How Dates Work in Excel – The Calendar System Explained + Video
Bottom line: With Valentine's Day rapidly approaching I thought it would be good to explain how you can get a date with your Excel skills. Just kidding! 🙂 This post and video explain how the date calendar system works in Excel.
Skill level: Beginner
Dates in Excel can be just as complicated as your date for Valentine's Day. We are going to stick with dates in Excel for this article because I'm not qualified to give any other type of dating advice. 🙂
Video Tutorial on How Dates Work in Excel
The following is a video from The Ultimate Lookup Formulas Course on how the date system works in Excel.
There are over 100 short videos just like the one above included in the Ultimate Lookup Formulas Course.
This course has been designed to help you master Excel’s most important functions and formulas in an easy step-by-step manner.
What is a Date in Excel?
I should first make it clear that I am referring to a date that is stored in a cell.
The dates in Excel are actually stored as numbers, and then formatted to display the date. The default date format for US dates is “m/d/yyyy” (1/27/2016).
The dates are referred to as serial numbers in Excel. You will see this in some of the date functions like DAY(), MONTH(), YEAR(), etc.
So then, what is a serial number? Well let's start from the beginning.
The date calendar in Excel starts on January 1st, 1900. As far as Excel is concerned this day starts the beginning of time.
Each Day is a Whole Number
Each day is represented by one whole number in Excel. Type a 1 in any cell and then format it as a date. You will get 1/1/1900. The first day of the calendar system.
Type a 2 in a cell and format it as a date. You will get 1/2/1900, or January 2nd. This means that one whole day is represented by one whole number is Excel.
You can also take a cell that contains a date and format it as a number.
For example, this post was published on 1/27/2016. Put that number in a cell (the keyboard shortcut to enter today's date is Ctrl+;), and then format it as a number or General.
You will see the number 42,396. This is the number of days that have elapsed since 1/1/1900.
Date Based Calculations
It is important to know that dates are stored as the number of days that have elapsed since the beginning of Excel's calendar system (1/1/1900).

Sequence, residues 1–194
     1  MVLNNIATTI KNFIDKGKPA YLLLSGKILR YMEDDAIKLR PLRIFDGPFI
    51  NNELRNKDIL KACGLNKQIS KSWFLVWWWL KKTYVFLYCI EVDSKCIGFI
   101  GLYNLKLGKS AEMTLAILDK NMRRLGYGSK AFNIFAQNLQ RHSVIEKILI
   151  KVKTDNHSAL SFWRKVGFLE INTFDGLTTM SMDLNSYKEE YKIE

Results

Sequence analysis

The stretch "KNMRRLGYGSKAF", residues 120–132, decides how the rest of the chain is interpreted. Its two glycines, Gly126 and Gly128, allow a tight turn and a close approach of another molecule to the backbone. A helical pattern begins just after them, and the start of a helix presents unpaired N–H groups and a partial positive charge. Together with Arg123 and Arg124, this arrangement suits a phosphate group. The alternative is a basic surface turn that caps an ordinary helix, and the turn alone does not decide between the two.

When you calculate the difference between two dates by subtraction, the result will be the number of days between the two dates.
1/27/2016 – 1/1/2016 = 26 days
6/30/2016 – 1/1/2016 = 181 days
There are a lot of Date functions in Excel that can help with these calculations. Last week we learned about the DAY function for month-to-date calculations with pivot tables.
We won't go into all the date functions here, but understanding that the serial number represents one day will give you a good foundation for working with dates.
What About Dates with Times?
Do you ever work with dates that contain time values?
These dates are still stored as serial numbers in Excel. When you convert the date with a time to the number format, you will see a decimal number.
This decimal is a fraction of the day.
One hour in Excel is represented by the number: 1/24 = 0.04167
One minute in Excel is represented by the number: 1/(24*60) = 1/1440 = 0.000694
So 8:30 AM can be calculated as: (8 * (1/24)) + (30 * (1/1440)) = .354167
An easier way to calculate this is by typing 8:30 AM in a cell, then changing the format to Number.
So if you are running a half hour late and want to let your boss know, text him/her and say you will be there at 0.354167. 🙂
Checkout my article on 3 ways to group times in Excel for more date time based calculations.
Don't Talk About Excel Dates with Your Date
Unless your Valentine shares a similar passion for Excel, I strongly recommend NOT sharing this information on your date.
I remember the first time I met my wife, and told her I worked in finance. The first word out of her mouth was, “BORING!”. Awe… it was love at first sight… LOL 🙂
But you should now be able to use Excel to determine how many days it has been since you last spoke to your date. That's the only dating advice I can give.
Please leave a comment below with any questions on Excel dates. Thanks!